One thing even the newest investor understands, or has at least heard of, about a portfolio is diversification - blending a variety of asset classes to reduce exposure to risk. But a well-diversified stock portfolio is just one component of putting together the best possible portfolio.

Diversifying not just among different stocks, but among different assets, is how an investor can truly mitigate risk. Even with a well-diversified stock portfolio, an individual is still exposed to market risk (or systematic risk as finance professors like to call it), which cannot be diversified away by adding additional stocks.

What Exactly Is Diversification?
Basically, diversification among asset classes works by spreading your investments among various assets (e.g. stocks, bonds, cash, T-bills, real estate, etc.) with low correlation to each other. This allows you to reduce volatility in your portfolio, because different assets move up and down in price at different times and at different rates. Thus, having a portfolio diversified among different assets creates more consistency and improves overall portfolio performance.

How Does Correlation Work?
Correlation is simple: If two asset classes are perfectly correlated, they are said to have a correlation of +1. This means that they move in lockstep with each other, either up or down. A completely random correlation - a relationship in which one asset's chance of going up is equal to the chance of dropping if the other asset rises or falls - is said to be a correlation of 0. Finally, if two asset classes move in exact opposition - for every upward movement of one there is an equal and opposite downward movement of another, and vice versa - they are said to be perfectly negatively correlated, or have a correlation of -1.

A Diversified Stock Portfolio vs. a Diversified Portfolio of Assets
When we talk about diversification in a stock portfolio, we're referring to an investor's attempt to reduce exposure to unsystematic risk (i.e. company-specific risk) by investing in various companies across different sectors, industries or even countries.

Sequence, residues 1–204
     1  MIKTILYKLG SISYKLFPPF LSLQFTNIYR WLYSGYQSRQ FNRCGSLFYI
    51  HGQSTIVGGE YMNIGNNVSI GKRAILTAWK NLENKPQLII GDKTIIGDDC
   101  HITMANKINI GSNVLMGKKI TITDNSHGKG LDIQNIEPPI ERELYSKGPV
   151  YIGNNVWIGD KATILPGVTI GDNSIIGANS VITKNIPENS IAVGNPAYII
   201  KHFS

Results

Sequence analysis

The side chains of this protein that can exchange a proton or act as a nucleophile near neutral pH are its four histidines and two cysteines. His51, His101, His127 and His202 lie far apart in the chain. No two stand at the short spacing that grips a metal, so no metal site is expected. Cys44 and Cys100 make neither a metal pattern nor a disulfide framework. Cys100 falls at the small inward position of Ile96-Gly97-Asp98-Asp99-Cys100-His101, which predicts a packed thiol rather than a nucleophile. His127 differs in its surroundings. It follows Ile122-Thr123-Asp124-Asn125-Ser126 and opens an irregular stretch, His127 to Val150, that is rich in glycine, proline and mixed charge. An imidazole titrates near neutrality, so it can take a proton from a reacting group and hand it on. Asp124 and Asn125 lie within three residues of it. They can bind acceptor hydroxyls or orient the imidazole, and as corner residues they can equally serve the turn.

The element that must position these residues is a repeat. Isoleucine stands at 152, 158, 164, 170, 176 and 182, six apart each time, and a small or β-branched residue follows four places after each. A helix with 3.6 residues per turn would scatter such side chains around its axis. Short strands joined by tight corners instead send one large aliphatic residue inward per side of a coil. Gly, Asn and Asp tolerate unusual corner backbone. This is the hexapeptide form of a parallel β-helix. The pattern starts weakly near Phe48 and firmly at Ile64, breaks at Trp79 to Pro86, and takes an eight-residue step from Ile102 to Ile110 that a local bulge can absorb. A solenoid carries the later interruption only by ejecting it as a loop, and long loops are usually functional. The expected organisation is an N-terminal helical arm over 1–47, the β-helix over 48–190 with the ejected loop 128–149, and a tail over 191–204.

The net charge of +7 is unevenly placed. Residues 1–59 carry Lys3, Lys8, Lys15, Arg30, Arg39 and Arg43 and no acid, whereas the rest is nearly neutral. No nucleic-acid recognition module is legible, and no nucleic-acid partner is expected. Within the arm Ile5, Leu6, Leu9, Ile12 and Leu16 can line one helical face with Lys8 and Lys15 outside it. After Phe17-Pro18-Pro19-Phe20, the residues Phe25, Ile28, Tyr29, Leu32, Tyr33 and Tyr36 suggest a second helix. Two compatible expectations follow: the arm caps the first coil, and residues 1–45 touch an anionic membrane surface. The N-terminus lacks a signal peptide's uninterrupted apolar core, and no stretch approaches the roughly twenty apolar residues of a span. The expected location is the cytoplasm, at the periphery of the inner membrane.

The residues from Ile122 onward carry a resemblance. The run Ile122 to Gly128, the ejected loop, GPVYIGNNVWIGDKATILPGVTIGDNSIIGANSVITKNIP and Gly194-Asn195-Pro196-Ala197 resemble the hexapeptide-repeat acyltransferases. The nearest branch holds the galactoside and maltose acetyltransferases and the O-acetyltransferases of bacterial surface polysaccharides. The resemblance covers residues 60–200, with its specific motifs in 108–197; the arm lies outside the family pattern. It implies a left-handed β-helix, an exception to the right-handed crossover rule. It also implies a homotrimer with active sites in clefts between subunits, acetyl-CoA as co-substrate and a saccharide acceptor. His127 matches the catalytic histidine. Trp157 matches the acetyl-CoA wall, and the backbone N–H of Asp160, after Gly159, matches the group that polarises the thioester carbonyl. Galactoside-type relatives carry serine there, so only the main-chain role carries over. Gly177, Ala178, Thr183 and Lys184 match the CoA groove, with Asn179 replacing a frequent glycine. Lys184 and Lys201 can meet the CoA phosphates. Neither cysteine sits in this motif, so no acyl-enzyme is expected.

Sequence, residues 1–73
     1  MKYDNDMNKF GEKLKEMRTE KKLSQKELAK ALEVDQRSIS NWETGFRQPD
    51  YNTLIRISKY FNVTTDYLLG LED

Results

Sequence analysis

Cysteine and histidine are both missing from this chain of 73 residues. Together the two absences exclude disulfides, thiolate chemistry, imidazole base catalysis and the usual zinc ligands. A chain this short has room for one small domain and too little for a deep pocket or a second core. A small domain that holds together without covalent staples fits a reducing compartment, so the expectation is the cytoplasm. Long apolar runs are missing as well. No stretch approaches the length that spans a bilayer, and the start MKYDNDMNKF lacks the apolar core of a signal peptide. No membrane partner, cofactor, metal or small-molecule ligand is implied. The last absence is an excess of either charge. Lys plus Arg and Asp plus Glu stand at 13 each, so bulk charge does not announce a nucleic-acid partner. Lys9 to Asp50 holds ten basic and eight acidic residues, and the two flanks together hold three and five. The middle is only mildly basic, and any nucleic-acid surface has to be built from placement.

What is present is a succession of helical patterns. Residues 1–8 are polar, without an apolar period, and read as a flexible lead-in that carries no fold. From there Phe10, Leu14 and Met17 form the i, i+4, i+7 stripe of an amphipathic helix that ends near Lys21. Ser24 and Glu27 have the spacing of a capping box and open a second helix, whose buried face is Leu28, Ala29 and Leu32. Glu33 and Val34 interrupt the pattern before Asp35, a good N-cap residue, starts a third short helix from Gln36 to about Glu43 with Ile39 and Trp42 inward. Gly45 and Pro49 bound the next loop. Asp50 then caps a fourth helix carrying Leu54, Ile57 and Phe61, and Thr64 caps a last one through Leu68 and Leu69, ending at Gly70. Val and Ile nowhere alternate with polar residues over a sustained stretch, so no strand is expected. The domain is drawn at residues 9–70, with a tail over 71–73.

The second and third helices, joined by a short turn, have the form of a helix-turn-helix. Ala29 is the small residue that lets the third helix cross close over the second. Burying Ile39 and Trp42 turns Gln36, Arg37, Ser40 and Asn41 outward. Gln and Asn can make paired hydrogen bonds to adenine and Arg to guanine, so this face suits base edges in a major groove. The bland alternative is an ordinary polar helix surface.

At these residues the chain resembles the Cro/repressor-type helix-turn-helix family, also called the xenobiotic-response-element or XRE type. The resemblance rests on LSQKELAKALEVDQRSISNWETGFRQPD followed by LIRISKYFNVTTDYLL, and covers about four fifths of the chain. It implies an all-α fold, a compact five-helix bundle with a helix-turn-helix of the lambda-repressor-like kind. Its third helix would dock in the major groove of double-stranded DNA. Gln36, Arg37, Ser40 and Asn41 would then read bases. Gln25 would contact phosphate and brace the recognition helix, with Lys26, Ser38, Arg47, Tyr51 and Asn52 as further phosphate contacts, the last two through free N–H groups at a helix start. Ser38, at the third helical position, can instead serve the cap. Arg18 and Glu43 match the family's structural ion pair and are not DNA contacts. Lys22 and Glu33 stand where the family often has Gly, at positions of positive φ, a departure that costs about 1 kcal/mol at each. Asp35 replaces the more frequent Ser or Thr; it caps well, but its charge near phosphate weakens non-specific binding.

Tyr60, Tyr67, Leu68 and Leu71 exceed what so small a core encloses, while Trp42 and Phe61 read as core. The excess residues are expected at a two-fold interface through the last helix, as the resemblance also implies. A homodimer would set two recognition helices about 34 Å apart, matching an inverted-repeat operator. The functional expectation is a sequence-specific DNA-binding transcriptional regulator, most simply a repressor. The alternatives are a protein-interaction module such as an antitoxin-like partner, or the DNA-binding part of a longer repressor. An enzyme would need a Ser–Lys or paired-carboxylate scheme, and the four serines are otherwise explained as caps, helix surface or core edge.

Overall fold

When we discuss diversification among asset classes, the same concept applies, but over a broader range. By diversifying among different asset classes, you are reducing the risk of being exposed to the systemic risk of any one asset class.

Like holding one company in your stock portfolio, having your entire net worth in a portfolio of any one asset - even if that portfolio is diversified - constitutes the proverbial "all of your eggs in one basket." Despite the mitigation of unsystematic risk (risk associated with any individual stock), you are still very much exposed to market risk. By investing in a number of different assets, you reduce this exposure to market risk or the systemic risk of any one asset class.

Most investment professionals agree that although diversification is no guarantee against loss, it is a prudent strategy to adopt toward your long-range financial objectives.

How to Diversify Your Portfolio
To this point we have talked more in a theoretical sense. Now, let's look at some examples to sink your teeth into. Bonds are a popular way to diversify due to their very low correlation with some of the other major asset classes, particularly equities. Other fixed-interest investments such as T-bills, bankers' acceptances and certificates of deposit are also popular.

Another viable option is real estate, which has a relatively low correlation with the stock market. Using real estate as an asset to diversify a portfolio is an excellent and practical investment, largely due to the fact that many people (through their homes or otherwise) are invested in the real estate market.

It's amazing how many people tend to overlook the investment potential of this asset. Investing in real estate doesn't mean that you need to go out and purchase a house or building, although that is a viable option for entering this market.

As an alternative to a direct property purchase, individuals can invest in the real estate market through real estate investment trusts, or REITs. REITs sell like stocks on the major exchanges, and they invest directly in real estate through properties or mortgages. REITs typically offer investors high yields as well as high liquidity. Because of the real estate market's relatively low correlation with the stock market, by investing in an REIT an individual can diversify away some the stock market's inherent risk.

Real estate, and more specifically REITs, is just one of the means to accomplish this reduced exposure to risk. As the illustration above demonstrates, investors have a number of different options that can all help reduce the risk of investing in any one asset class.

The Bottom Line
Diversification is a key building block to anyone's financial plan, including understanding what diversification does and how it helps an individual's overall financial position. It is crucial that investors know the difference between systematic and unsystematic risk, as well as understand that by diversifying among asset classes, they can mitigate exposure to systematic risk.

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